February 28, 2020

It’s for Dad’s too

Many working Dad’s bemoan that they cannot spend more time with their children and families. So given the chance would they really take the opportunity to spend more time away from work with what should be a perfect antidote after a stressful day at the office?

Well the truth appears somewhat different. Most men it seems find looking after their children much harder than going to work – something most mothers would say they already knew.

Nearly two thirds of working Dads admit they go to work to get a break from their families and in particular their children. They also appreciate that mothers who raise children have a harder job than they do and more than half of working Dads say there is no way they would swap places and become the main carer.

The survey of over 3000 working Dads was carried out by Bounty, a company that has been around for 50 years with the purpose of making family life easier.

The survey suggests that Dads are heavily influenced by both their own upbringing and also their bosses, who in many cases are older Dads themselves, with a very traditional view of work and home. These ‘bosses’ often in very senior positions, supported by stay at home wives or partners, expect the same of the people who work for them and often demand long hours of work.

But does it have to be this way? 

NineteenMinutes believes that the single biggest factor behind many Dads’ reluctance to spend more time at home and engaging with the children is that that they lack the knowledge and skills to do this effectively. Society’s expectations of the role of the father today are considerably different to those of many years ago, when many of today’s fathers were raised.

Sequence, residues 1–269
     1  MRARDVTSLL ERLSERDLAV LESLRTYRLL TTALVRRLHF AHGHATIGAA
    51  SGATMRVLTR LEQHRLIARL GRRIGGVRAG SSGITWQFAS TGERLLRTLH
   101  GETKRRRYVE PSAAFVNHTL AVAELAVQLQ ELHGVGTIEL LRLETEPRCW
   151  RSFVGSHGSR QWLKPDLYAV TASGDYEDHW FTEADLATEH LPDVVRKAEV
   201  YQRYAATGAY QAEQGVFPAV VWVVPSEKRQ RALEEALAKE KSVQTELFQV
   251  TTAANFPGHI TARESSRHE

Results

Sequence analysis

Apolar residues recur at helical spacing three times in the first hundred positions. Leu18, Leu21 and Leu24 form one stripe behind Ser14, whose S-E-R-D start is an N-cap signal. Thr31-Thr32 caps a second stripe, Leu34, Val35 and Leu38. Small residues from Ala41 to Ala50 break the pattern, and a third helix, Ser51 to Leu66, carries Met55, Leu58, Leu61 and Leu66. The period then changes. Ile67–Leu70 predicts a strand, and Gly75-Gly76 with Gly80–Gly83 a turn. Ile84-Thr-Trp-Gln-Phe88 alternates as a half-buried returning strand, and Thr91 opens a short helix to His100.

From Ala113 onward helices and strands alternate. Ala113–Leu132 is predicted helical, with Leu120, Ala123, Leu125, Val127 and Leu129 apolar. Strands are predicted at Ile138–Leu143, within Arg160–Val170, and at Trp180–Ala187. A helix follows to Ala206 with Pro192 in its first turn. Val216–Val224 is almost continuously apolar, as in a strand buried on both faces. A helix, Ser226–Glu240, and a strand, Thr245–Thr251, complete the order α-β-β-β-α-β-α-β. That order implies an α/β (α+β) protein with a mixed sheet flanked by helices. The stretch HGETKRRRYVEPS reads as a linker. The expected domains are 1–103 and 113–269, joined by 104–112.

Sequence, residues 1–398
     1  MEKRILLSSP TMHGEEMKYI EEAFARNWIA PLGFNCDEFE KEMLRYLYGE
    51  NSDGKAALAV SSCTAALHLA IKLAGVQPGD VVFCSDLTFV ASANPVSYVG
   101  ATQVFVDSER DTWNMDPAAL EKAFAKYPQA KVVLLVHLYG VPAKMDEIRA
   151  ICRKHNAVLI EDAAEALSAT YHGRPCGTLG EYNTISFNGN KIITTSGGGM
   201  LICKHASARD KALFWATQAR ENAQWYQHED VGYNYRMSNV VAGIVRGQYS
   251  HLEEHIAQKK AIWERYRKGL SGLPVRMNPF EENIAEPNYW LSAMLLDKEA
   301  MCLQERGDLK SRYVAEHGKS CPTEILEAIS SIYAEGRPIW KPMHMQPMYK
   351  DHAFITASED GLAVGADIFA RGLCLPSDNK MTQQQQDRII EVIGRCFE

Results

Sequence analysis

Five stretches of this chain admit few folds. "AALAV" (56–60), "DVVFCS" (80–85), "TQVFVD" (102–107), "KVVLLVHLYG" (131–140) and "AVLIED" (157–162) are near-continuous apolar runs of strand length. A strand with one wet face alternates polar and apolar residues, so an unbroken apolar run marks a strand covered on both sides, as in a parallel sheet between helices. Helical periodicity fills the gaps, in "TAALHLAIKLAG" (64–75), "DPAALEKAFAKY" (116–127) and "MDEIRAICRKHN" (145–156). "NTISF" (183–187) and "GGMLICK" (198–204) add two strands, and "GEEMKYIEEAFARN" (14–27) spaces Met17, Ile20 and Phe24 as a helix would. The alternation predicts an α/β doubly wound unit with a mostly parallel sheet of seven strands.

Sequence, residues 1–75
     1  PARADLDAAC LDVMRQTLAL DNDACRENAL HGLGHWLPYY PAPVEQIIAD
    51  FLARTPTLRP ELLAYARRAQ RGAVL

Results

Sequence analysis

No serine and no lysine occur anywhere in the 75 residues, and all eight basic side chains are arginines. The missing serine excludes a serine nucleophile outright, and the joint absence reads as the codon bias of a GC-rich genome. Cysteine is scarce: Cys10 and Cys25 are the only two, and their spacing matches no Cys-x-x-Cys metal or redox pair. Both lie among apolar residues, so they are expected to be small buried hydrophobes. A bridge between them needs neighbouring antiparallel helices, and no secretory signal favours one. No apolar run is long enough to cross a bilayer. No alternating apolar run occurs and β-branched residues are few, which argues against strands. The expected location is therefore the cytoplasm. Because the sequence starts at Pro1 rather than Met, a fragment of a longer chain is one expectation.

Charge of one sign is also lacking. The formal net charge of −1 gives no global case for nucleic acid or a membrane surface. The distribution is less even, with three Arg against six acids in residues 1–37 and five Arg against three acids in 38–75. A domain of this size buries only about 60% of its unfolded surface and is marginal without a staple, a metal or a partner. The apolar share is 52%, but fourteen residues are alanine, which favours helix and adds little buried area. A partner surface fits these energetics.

However, with many mothers still taking a lead, Dads are given every excuse not to learn or practice for one of their most important roles.

Amanda Solomons, the inspiration behind NineteenMinutes has been involved in delivering to Dads and in organising Dads only programmes to support them in improving their engagement at home with their families and their children.  She is also accredited by the think tank the Fatherhood Institute.

The courses run and work done has highlighted the conflicts that Dads often feel and the difficulties they experience in balancing work with home, allowing them to express feelings of frustration and guilt at not being able to fulfill these different roles effectively.

As a result of attending these programmes Dads have developed the knowledge and skills and found the confidence to build stronger relationships with their children which has in turn led to a happier life at home.

Increasing your knowledge about how your children think and behave and improving your skills to listen, question and engage with them more effectively can help Dads to really enjoy inspirational times with their children. Involving Dads in our programmes and helping to change their mindsets is one way that we can improve the work/life balance at the organisations we work with…bringing benefits to the home and the workplace.

If you are a working Dad or an employer of working Dads and want to know more then please click here to get in touch.

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